Bentham’s Panopticon. Image via Wikimedia Commons.
Those that (still) watch True Blood, HBO’s vampire drama will be familiar with the latest location, “Vamp Camp,” a veritable prison and research facility the humans of Louisiana built. Though critics have criticized the show’s blatant reference to Nazi concentration camps, the inspiration for the architecture of Vamp Camp actually comes from 18th-century prison design theory.
Jeremy Bentham’s Panopticon was a circular prison designed so that the guards could observe prisoners unseen. According to urban design theorist Graham Shane, author of Recombinant Urbanism, “the ‘eye of power,’ the hidden jailer of the Panopticon, sat in a central, dark tower like a hidden god.”
About the social theory of the prison, Shane writes, “Everything was classified and in order, demonstrating the principles of a new life-world based on segregation, separation, inspection, transparency, and distance communication…This mechanism’s express aim was to make prisoners internalize the hidden jailer so that they would return to society reformed.” Isolation was another key tenet of the Panopticon, with “the hope that rigid rules of sorting and sequencing would become ingrained in the inmate’s psyche reforming his values and work habits.”
According to True Blood art director Cat Smith, in the short extra “Inside Vamp Camp,” the idea behind the Panopticon was so “the guards could look out in any direction and you didn’t know where they were looking so you always had a feeling they were looking at you.” Most interestingly, Shane sees Bentham’s rationalist approach applied to 19th-century utopian designs for new industrial communities as well. These theories were not isolated to those on the margins of society.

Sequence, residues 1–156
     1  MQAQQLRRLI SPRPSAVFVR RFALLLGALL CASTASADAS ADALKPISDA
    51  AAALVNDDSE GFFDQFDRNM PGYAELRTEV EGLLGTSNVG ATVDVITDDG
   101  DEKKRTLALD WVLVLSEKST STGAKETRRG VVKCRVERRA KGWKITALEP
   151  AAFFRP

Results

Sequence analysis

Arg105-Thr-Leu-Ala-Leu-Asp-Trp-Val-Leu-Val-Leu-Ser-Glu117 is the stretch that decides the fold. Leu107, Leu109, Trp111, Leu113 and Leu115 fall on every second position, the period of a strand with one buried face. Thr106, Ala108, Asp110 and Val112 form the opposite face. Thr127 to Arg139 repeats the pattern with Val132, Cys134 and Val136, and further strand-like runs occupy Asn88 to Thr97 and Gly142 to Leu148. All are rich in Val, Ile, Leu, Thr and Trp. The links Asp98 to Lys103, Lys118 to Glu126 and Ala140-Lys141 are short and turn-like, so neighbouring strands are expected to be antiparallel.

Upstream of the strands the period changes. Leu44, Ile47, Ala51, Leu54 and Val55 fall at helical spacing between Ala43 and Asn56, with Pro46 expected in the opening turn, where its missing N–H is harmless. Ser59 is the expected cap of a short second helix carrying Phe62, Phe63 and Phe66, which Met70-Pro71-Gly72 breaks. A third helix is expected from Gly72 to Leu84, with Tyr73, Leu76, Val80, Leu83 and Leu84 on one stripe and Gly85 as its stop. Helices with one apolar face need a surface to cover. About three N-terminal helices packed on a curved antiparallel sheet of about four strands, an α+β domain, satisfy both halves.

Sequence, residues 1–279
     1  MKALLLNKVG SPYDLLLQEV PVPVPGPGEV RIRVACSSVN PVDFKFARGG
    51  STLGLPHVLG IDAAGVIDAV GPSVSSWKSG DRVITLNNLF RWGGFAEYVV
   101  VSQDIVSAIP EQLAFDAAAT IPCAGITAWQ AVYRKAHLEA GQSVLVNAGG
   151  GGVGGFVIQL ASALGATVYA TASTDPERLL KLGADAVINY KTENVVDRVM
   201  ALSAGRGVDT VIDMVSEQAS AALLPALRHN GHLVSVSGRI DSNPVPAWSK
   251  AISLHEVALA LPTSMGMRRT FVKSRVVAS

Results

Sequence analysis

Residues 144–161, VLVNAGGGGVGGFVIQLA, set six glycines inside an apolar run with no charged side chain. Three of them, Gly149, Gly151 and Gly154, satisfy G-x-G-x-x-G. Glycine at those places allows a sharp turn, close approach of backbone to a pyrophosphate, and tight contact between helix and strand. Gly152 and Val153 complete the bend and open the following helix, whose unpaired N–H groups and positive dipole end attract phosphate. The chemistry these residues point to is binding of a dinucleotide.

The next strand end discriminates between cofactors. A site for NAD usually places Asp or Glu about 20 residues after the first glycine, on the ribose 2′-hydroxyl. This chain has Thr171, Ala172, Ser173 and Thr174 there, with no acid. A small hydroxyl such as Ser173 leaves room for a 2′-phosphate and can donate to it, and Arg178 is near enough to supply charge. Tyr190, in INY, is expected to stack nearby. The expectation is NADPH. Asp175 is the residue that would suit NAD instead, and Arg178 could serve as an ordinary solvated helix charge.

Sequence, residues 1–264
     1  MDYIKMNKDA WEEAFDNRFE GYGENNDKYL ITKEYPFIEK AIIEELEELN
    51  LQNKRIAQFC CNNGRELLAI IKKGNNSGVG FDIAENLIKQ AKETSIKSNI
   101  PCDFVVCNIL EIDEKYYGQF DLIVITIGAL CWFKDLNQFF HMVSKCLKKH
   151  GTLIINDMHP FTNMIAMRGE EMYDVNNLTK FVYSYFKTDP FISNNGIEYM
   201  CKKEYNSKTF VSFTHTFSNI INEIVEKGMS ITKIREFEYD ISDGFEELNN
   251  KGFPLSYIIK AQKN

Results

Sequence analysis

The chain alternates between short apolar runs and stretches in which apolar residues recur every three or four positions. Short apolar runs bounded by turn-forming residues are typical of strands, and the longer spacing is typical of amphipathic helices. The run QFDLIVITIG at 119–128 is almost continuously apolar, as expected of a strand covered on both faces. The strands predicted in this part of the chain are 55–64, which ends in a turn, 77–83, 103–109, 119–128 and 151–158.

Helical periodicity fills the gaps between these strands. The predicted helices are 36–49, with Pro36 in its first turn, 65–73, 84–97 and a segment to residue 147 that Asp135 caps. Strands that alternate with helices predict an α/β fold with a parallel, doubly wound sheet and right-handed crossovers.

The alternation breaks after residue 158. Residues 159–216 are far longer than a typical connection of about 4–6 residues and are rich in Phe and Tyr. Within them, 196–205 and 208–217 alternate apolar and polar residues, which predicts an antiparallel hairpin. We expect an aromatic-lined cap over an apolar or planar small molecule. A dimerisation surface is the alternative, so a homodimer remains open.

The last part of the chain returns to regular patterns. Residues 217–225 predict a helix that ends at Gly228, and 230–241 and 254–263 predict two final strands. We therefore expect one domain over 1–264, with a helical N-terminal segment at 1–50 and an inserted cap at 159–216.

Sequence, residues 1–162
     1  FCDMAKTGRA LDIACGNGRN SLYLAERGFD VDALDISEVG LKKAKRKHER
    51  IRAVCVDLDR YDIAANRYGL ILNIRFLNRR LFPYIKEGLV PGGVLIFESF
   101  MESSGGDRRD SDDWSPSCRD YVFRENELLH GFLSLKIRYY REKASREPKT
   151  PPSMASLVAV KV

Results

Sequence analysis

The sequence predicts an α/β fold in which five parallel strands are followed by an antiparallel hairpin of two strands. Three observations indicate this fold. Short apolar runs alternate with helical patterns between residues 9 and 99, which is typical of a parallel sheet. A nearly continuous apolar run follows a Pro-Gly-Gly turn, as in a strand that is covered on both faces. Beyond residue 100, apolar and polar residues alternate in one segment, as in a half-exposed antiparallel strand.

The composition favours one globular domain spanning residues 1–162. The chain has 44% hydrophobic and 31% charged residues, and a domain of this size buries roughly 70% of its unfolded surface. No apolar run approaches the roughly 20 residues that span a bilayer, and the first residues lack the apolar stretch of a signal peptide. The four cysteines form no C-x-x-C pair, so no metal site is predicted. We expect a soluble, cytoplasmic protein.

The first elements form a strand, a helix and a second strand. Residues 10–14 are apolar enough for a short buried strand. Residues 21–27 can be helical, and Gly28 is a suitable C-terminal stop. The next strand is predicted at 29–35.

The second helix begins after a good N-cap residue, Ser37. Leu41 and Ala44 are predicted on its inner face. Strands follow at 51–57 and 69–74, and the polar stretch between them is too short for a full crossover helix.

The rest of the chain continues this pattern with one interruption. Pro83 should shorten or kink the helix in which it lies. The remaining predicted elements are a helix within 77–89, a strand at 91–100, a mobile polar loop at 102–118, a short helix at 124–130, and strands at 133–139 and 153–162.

A key difference between Bentham’s theory and its application on True Blood is that Bentham’s ideas were actual reforms in the prison system that improved inmate living conditions, compared to the existing alternative in medieval dungeons.
All of this is timely given the current exhibition at the California Museum of Geography called “Geographies of Detention,” looking at prison landscapes in Guantanamo Bay and more, along with the recent book Corrections and Collections by Joe Day comparing the proliferation of prisons and museums in America.
In the New York City area, the Albert C. Wagner Youth Correctional Facility in Bordentown, NJ has some design elements similar to the Panopticon. The guard tower is encased in glass, looking down at the inmates below. Many of New York City’s prisons are located within the urban fabric, as seen in this round-up of “The Prisons Among Us.” Also check out our visit inside the infamous Riker’s Island in New York City.